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By M. M. Afrah©2006
Minneapolis, Minnesota (USA)

The Americans in the Twin Cities (Minneapolis and St. Paul) have good reason to like the Somali refugees.

More than 15 years since they choose to settle in the "State of 10.000 Lakes" as refugees-turned entrepreneurs, and no longer as unwanted guests, cast aside by the mainstream Americans, but rather hard working business people that is but robust entrepreneurs that is slowly but surely earning respect from their hosts.

"I think the Somalis are gradually winning the American respect," said a man during my first visit to this great city, and a man who regularly visits the thriving colourful Somali malls in Minneapolis. And perhaps gradually winning over residents who initially shrugged them off as noisy bazaar owners, who they say, do not even understand a single English word.

Stall owners long sold their merchandise only to their countrymen and women, but recently they began to sell goods to old residents of the city, who found the colorfully displayed goods exotic and unavailable in mainstream American malls and supermarkets.

A first non-Somali visitor is pleased that he has more choice in selecting goods at bargain price. "I don't feel like being pushed into anything," he said.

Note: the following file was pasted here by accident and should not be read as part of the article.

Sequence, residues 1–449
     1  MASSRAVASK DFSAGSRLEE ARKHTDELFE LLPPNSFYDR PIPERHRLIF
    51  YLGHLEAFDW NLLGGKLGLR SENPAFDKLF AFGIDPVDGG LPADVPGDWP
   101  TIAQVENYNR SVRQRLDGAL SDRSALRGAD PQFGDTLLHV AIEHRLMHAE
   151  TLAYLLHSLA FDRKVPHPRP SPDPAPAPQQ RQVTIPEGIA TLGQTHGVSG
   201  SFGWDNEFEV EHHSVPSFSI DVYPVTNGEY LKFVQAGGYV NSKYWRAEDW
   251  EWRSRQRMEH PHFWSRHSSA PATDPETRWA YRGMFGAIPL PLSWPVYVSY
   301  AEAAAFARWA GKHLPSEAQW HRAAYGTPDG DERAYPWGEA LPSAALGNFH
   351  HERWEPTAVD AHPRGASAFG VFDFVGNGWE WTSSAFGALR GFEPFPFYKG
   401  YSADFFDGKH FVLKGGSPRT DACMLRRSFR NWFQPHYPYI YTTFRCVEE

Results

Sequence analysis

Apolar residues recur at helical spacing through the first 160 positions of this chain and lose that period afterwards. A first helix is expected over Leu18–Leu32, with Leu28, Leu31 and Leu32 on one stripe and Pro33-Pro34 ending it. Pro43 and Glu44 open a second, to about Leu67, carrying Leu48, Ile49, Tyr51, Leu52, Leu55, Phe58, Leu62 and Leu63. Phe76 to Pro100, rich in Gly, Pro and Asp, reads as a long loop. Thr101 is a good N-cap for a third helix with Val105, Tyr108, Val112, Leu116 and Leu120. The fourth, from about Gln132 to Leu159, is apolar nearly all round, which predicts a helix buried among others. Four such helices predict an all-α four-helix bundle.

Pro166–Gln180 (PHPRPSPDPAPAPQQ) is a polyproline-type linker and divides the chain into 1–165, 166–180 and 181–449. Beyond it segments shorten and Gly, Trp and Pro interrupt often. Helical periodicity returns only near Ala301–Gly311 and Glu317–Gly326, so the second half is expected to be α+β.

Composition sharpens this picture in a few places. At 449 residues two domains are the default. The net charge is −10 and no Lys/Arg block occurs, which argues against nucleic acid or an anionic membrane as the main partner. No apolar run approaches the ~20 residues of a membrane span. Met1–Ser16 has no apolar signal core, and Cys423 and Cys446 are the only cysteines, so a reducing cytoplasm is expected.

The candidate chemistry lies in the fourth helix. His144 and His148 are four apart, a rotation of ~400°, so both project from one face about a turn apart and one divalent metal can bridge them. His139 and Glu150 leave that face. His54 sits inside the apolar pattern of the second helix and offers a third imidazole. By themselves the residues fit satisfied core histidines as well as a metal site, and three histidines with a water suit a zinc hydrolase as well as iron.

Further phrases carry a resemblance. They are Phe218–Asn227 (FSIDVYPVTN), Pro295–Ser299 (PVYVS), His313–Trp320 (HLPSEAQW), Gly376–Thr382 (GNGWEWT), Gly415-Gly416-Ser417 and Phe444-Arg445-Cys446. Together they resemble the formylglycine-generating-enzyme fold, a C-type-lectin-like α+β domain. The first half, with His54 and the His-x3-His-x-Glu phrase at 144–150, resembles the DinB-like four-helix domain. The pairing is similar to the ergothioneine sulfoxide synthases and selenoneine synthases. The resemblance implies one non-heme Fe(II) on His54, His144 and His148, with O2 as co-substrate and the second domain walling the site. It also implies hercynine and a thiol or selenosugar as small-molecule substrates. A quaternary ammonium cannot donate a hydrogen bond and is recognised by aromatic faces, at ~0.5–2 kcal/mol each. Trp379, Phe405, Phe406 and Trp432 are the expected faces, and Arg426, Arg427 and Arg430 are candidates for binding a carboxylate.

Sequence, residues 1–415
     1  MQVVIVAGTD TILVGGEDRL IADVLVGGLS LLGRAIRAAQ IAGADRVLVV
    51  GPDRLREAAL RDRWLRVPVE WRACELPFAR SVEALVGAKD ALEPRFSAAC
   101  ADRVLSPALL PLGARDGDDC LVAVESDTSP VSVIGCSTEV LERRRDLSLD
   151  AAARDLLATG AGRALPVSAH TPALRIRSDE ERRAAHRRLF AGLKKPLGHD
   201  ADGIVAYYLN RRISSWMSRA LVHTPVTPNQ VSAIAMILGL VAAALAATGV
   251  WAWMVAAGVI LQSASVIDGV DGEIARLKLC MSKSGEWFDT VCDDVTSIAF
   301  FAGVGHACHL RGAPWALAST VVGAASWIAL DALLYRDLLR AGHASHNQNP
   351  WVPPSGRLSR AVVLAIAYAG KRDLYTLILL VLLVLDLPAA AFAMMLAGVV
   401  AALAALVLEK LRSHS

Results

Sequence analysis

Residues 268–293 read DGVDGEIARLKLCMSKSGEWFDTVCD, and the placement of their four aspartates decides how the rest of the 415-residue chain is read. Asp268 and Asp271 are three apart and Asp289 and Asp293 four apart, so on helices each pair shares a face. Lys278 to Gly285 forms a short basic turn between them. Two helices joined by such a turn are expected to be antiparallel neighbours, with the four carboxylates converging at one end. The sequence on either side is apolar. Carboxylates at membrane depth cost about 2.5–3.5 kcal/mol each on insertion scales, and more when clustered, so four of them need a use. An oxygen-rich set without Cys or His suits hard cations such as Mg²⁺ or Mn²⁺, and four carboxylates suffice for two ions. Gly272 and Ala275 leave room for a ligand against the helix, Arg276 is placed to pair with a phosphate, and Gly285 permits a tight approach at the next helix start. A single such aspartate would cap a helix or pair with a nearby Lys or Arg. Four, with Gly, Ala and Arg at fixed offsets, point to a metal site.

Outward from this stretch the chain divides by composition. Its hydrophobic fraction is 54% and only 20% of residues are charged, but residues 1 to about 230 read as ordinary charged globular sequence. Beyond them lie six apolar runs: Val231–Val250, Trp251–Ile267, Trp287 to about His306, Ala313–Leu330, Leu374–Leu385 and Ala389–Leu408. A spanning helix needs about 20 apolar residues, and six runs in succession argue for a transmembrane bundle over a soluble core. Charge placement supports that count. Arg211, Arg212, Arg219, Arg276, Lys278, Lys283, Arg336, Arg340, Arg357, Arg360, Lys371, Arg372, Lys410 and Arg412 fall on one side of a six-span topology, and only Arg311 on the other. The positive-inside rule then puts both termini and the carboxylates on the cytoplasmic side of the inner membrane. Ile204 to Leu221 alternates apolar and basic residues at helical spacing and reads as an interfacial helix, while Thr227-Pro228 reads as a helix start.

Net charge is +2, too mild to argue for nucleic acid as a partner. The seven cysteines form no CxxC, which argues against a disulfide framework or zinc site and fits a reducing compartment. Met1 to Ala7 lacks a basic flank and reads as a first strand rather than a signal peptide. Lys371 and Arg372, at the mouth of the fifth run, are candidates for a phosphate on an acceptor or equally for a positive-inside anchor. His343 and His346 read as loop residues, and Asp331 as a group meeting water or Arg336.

"They didn't need to speak English and we didn't need to speak Somali. They usually guess what kind of goods we were looking for," another frequent visitor said.

And yet, the drive to contribute the economy too often is overlooked and undervalued by the main media or County and State officials. For Somalis, the sense of community is not just a cultural nicety, but a potent part to live and succeed against all odds. In fact, when asked to account for their success after arriving in America penniless and only the clothes on their backs, (no winter clothes), they do not cite welfare handouts or bank loans, but their country's unique culture of the people-specifically the Islamic tenet held 100 per cent of the Somali people.

During the nasty and bloody civil war, which deteriorated into clan warfare described by the International Committee of the Red Cross (ICRC) as the world's greatest tragedy after World War Two, the surviving inhabitants collaborated closely to share what little food they scavenged despite the widespread lootings and killing of innocent civilians. The blood-thirsty warlords turned their guns on each other after ousting the military dictator, instead of rebuilding the devastated country and saving the nation's afflicted citizens.

Having suffered in their native country, many of them continue to have frequent nightmares, sleep problems, fearfulness, severe anxiety, depressive symptoms and intrusive thoughts of the loved ones they lost in the unending clan warfare, but in the United States they often hear the healing words of "HI!", "THANK YOU!" and "WELCOME!" each accompanied with a smile that makes you feel at home in peace time Somalia. Meanwhile, in Somalia, the warlords fought each other over who would control the country, and in the process destroyed Mogadishu, the Somali capital once dubbed as the "Pearl of the Indian Ocean" beyond recognition until they were ousted by the Union of Islamic Courts in July this year.